The Prince of Wales has been an environmental leader for over 40 years, working with businesses, charities, governments and other organisations to help promote sustainable ways of living and working. The Household strives to minimise its environmental impact across its activities. This includes its greenhouse gas emissions, which are subject to independent assurance each year.

The Household has reduced its greenhouse gas emissions considerably over the past 10 years. The Annual Review provides more information on progress made each year.

While they vary each year, the aim is to ensure emissions are minimised by investing in renewable energy and ensuring travel is planned with carbon as well as cost and logistics in mind. 


Office and domestic energy use


The Household takes active steps to reduce its use of fossil fuels by substituting renewable energy sources and improving energy efficiency.

Over 90% of energy comes from renewable sources (including green gas and electricity). About half of this is generated on-site. 


Renewable sources include:

•Woodchip boilers at Highgrove, Birkhall and Llwynywermod

•Ground- and air-source heat pumps at Highgrove

•Solar panels at Clarence House and Highgrove

•Electricity purchased from renewable sources


Energy efficiency measures include:

•Replacement of older boilers with more efficient models

•Improving building insulation

•Improving heating controls and pumps

•Upgrading computers to low-energy models

•Using low-energy light bulbs

•Detailed monthly monitoring of energy use for each office and residence including the use of “Smart Meters”  and ensuring staff switch off lights and equipment when not needed.



Travel in the UK and overseas on behalf of the government is an essential part of Their Royal Highnesses’ work and carbon emissions vary each year according to the diary of engagements. However, the environmental impact of travel is taken into account when planning the diary, alongside other considerations such as cost and security arrangements. In addition, The Prince’s Aston Martin runs on fuel made from wine wastage and a cheese by-product.

The Prince of Wales uses a fully electric Jaguar I-Pace when travelling to engagements in London.

Public transport is used for staff travel as far as possible and most staff walk, cycle or use public transport to get to and from work. Cycling is also supported through a cycle-to-work scheme and the provision of shower and changing facilities. 


Balancing out carbon emissions

The Household does not use the term “carbon neutral”, however it does contribute towards sustainable forestry projects to help balance out its emissions by increasing carbon stored in land and trees through new tree planting or through avoided deforestation.

The current project supports communities in protecting their forests while providing them with jobs, education and health care. The project has been certified to two independent standards for carbon reductions and for biodiversity and community benefits.


The Duchy Home Farm 

Greenhouse gas emissions are an unavoidable impact of agriculture; they come mainly from nitrogen in manure and crops (nitrous oxide) and from livestock (methane).

The farm is managed to try to minimize emissions through the careful timing of manure applications and the sowing of plants that ‘catch’ the nitrogen. By incorporating cattle manure and plant matter in the soil, significant quantities of carbon can be stored, reducing net greenhouse gas emissions. Avoiding energy-intensive artificial fertilizers also reduces greenhouse gas emissions in the supply chain.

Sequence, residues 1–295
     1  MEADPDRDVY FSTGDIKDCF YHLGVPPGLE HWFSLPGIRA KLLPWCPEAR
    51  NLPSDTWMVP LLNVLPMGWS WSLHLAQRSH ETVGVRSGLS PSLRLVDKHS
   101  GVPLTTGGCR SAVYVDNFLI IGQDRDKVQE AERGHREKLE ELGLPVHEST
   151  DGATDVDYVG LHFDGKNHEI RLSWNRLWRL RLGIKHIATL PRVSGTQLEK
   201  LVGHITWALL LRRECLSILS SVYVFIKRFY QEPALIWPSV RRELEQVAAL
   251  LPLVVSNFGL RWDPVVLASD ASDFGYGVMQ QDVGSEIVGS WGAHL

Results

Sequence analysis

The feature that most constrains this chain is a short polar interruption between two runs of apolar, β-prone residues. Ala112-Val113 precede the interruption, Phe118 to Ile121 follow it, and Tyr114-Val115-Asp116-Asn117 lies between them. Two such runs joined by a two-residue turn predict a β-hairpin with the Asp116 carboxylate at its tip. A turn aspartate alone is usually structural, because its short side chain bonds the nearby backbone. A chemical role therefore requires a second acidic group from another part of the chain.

Steps are also taken to reduce fossil fuel use. A ‘conservation tillage’ machine that reduces fuel use by tilling the soil to a shallower depth continues to be trialed; energy-efficient heat exchangers and solar thermal heating help reduce electricity use in the dairy; and a large array of solar panels produces renewable electricity.


Further information 

The Prince of Wales continues to help address the challenge of climate change through the work of his various initiatives and projects, often in partnership with governments, the private sector and non-governmental organisations. These include the International Sustainability Unit (which works to facilitate a consensus on tackling environment-related challenges such as food security, ecosystem resilience and the depletion of natural capital), and sector-based initiatives such as the ‘ClimateWise’ group of leading insurance companies, the ‘P8’ group of leading pension funds and the Legal Sector Alliance, The Prince’s May Day Network of over 3,500 UK businesses and The Prince’s Accounting for Sustainability Project. 

In overall terms, His Royal Highness adopts an integrated approach to tackling environmental problems, encompassing not just efforts to reduce his Household’s impact and his specific environmental projects and initiatives, but also his work in many other fields. This work covers a wide range of inter-connected areas, from supporting small-scale farmers to promoting a more sustainable approach to planning and designing homes and communities in a way that enhances and adds value to the social, natural and built environment.

In January 2020, The Prince of Wales officially launched the Sustainable Markets Council in partnership with the World Economic Forum in Davos.

The Annual Review provides further information, including a Sustainability Account that provides a detailed breakdown of The Household’s carbon emissions and energy use.